Turning to the analysis of the term ALGAE WAFERS by Hikari’s linguistic expert, the Board found that evidence to be useless:

We do not know the sources he used to support his conclusions regarding the meaning of “wafer.” But in his analysis of the term “algae,” Dr. Habick focuses on the ingredient in a wafer that is for human consumption, rather than considering algae as an ingredient in connection with fish food, the relevant goods. Dr. Habick did not explain why he did not consider in his analysis other definitions or meanings for “wafer,” including those referencing a disc shape. Dr. Habick also did not consider Applicant’s own advertising and promotional materials which describe the goods as having a disc shape, containing algae, and for algae eaters; nor did Dr. Habick consider any third party use. Moreover, there is no evidence suggesting that Dr. Habick is a trademark expert, and his opinion as to whether “Algae Wafers” is suggestive, descriptive or generic is not entitled to any weight.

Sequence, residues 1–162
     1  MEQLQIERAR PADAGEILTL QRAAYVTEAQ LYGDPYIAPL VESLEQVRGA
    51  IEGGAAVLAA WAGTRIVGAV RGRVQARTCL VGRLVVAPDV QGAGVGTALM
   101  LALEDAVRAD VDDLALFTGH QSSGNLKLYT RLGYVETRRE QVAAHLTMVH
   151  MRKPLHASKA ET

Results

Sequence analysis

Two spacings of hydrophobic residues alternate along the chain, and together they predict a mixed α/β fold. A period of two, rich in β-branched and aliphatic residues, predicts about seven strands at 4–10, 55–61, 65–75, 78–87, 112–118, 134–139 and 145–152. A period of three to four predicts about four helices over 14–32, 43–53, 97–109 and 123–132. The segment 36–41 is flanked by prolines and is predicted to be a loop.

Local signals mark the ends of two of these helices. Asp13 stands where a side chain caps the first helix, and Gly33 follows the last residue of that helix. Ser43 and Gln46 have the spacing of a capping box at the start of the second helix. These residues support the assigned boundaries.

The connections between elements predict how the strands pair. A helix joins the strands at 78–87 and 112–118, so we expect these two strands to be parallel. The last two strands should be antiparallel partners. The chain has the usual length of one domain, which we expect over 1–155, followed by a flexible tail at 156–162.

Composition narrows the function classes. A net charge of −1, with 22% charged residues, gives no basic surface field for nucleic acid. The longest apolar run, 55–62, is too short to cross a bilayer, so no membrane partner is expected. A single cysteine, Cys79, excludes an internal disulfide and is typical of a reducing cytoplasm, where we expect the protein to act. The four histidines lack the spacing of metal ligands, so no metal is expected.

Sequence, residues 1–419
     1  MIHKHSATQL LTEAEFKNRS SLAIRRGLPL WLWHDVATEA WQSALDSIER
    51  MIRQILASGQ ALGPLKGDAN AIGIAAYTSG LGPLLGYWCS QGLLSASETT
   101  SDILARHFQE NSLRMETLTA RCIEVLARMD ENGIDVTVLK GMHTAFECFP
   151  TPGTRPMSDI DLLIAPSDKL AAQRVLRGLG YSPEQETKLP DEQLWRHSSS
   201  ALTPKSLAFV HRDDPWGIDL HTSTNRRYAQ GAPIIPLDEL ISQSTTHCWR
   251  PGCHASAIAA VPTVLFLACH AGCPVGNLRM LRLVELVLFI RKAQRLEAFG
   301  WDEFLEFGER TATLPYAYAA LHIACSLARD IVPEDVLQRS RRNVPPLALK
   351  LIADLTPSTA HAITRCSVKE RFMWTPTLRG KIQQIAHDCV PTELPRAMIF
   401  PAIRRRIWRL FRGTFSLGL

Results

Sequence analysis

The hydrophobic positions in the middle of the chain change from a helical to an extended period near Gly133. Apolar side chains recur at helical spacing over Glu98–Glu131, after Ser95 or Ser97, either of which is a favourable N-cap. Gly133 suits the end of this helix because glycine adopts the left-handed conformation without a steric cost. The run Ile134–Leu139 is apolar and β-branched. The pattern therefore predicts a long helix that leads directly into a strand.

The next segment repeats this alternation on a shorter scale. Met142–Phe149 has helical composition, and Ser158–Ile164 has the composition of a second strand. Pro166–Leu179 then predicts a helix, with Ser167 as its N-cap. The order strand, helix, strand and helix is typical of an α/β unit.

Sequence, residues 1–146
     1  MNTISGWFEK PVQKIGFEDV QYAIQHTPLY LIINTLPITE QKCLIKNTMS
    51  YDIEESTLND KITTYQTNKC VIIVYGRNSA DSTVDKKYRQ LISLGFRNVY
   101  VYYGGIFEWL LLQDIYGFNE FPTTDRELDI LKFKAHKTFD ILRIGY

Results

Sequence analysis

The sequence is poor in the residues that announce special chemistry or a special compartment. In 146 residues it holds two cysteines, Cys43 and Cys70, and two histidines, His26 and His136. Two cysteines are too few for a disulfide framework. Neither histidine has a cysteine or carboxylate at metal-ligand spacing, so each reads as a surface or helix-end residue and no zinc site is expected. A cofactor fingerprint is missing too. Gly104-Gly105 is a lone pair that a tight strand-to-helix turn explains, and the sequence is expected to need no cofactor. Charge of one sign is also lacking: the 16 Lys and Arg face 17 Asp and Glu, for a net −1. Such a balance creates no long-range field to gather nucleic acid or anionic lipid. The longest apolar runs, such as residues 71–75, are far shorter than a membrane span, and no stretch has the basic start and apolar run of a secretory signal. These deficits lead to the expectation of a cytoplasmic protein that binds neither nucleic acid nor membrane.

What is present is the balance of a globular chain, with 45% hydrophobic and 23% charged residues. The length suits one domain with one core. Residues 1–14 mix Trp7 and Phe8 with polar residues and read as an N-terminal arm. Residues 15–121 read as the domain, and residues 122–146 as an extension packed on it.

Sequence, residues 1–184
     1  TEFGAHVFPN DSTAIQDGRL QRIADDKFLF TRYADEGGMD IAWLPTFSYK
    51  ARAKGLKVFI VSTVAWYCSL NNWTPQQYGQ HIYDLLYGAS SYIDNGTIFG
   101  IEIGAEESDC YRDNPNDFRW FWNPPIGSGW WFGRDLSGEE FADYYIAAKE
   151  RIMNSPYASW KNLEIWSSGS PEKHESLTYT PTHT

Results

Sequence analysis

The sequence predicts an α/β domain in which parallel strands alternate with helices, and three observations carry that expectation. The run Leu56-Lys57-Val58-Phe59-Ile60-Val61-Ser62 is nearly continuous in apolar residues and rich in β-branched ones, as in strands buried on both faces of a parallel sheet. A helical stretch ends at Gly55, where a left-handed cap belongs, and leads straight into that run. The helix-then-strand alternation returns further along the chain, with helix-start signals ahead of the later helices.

Finding that ALGAE WAFERS “has a plain and readily understood meaning as a type of fish food in wafer form containing algae,” the Board deemed the term generic and ineligible for trademark registration.

Acquired Distinctiveness: For completeness, the Board considered Hikari’s claim of acquired distinctiveness. Not surprisingly in light of the record evidence and its finding of genericness, the Board found ALGAE WAFERS to be highly descriptive of fish food, and thus that Hikari had a correspondingly higher burden of proof under Section 2(f).